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Scientific attributes of a researcher and member of the triological society

Authors

  • Gerald S. Berke MD

    Corresponding author
    1. Department of Head and Neck Surgery, David Geffen School of Medicine at the University of California Los Angeles, Los Angeles, California, U.S.A
    • UCLA Department of Head and Neck Surgery, 10833 Le Conte Ave., Room 62-132- CHS, Los Angeles, CA 90095-1624
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  • Presented as the President's Address at The Triological Society's 114th Annual Meeting in Chicago, Illinois, U.S.A., April 29, 2011.

  • The authors have no funding, financial relationships, or conflicts of interest to disclose.

Abstract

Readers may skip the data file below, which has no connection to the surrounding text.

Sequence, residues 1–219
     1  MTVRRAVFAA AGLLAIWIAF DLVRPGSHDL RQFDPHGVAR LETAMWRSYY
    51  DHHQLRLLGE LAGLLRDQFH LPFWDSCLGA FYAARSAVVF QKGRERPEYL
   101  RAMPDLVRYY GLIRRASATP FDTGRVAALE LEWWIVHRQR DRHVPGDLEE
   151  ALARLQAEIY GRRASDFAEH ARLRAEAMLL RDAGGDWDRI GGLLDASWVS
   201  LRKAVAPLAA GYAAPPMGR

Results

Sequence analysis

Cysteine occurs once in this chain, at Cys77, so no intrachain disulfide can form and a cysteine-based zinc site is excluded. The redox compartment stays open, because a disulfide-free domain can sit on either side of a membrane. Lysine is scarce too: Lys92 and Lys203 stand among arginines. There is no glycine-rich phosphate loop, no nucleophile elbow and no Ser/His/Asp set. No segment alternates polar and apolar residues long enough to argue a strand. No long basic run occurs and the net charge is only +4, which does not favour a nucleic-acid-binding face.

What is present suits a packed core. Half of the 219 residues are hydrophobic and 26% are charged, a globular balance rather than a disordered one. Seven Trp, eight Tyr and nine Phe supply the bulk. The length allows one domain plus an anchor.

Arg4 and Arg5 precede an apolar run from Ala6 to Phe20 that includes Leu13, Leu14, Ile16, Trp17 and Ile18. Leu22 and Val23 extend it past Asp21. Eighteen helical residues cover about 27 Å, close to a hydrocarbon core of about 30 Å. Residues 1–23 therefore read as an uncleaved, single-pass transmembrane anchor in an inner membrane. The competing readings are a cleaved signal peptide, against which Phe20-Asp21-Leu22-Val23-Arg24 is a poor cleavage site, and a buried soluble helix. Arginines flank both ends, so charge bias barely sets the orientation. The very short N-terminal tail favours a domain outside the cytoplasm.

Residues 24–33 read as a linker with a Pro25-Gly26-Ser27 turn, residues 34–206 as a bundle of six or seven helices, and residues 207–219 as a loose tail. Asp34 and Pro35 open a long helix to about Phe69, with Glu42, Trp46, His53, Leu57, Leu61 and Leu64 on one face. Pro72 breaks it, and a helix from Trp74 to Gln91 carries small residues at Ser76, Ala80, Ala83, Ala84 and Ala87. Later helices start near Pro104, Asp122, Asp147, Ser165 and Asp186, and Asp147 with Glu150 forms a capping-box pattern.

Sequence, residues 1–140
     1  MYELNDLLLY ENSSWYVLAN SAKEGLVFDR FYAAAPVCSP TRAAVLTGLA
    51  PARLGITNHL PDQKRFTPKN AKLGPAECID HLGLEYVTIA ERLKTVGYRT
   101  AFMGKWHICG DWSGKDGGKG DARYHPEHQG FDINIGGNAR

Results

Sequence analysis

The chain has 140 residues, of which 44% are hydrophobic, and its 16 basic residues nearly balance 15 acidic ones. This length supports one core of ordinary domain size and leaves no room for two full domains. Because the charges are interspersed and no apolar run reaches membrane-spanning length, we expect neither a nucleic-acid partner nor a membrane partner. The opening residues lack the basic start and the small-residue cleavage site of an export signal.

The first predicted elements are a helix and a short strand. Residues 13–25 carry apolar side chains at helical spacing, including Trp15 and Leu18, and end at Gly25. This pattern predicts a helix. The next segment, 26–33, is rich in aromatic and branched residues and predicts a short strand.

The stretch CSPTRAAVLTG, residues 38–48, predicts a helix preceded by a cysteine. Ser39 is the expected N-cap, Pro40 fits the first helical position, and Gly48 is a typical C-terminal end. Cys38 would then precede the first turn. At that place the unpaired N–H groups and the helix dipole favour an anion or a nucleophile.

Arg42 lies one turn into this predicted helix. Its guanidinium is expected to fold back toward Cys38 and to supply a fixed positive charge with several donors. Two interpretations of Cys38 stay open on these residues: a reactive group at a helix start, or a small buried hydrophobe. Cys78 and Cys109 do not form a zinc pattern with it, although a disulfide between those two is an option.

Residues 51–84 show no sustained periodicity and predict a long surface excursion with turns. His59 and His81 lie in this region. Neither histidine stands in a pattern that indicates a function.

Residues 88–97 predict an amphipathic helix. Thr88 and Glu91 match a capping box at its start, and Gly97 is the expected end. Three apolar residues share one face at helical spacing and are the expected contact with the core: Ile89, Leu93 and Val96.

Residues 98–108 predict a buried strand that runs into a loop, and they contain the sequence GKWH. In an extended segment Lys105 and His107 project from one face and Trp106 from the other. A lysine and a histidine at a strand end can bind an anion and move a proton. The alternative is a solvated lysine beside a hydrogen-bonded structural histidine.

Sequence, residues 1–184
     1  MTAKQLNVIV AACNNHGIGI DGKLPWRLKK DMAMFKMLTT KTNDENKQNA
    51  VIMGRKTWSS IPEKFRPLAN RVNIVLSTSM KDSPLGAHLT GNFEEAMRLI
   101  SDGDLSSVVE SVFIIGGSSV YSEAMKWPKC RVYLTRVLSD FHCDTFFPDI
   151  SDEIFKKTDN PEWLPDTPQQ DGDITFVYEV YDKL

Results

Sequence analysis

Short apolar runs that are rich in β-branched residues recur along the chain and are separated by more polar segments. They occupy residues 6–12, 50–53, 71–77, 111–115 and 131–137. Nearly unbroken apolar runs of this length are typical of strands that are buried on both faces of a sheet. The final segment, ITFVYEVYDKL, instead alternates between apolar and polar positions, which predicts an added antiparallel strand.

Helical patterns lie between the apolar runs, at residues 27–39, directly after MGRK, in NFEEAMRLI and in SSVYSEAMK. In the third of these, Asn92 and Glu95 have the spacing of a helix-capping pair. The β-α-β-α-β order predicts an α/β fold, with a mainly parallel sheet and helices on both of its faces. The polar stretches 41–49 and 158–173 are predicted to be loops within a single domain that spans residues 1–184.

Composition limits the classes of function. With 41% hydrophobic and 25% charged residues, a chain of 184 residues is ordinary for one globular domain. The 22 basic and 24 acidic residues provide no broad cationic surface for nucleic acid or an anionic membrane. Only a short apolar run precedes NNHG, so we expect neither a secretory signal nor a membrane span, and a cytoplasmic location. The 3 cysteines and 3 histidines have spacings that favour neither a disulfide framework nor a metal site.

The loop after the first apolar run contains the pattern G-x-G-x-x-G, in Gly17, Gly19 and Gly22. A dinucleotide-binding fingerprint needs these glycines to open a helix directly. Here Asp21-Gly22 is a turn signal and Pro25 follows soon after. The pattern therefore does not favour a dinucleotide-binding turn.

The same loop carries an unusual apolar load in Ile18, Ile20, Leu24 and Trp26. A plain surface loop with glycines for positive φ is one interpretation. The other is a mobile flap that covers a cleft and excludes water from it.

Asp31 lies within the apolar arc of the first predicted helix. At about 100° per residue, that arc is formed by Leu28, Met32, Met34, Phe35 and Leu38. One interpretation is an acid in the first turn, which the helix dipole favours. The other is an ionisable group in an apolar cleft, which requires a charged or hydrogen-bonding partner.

This presidential address discusses the comments from the first Mayo Clinic's Chair, Harold Lille, MD, regarding different contributions by members of The Triological Society in his 1939 presidential address. It then goes on to discuss scientific research attributes expected of members of the Society that were gleaned from a fusion of Dr. Berke's notions with what other famous researchers, inventors, and philosophers have said about aspects of research. The areas covered include research motivation, the process of research, the scientific method, imagination, intuition and luck, questioning in science, tenacity, ideas, and knowledge. In summary, the following are the expected attributes of a researcher and member of the Society. The individual should enjoy the creation of new knowledge and appreciate the mysteries of life and the joy of discoveries. He or she should be a staunch supporter of the scientific method, but should also understand that every researcher is a professional amateur, and that the process of research is often fraught with blind alleys and incorrect ideas and assumptions, and that ultimately hypotheses must be substantiated by experiments. A researcher must exhibit imagination and intuition augmented by tenacity and scientific questioning. Finally, he or she should recognize that chance favors the prepared mind, and always be on the lookout for novel ideas framed by a comprehension of existing knowledge, not just in one domain but across a broad horizon of disciplines.

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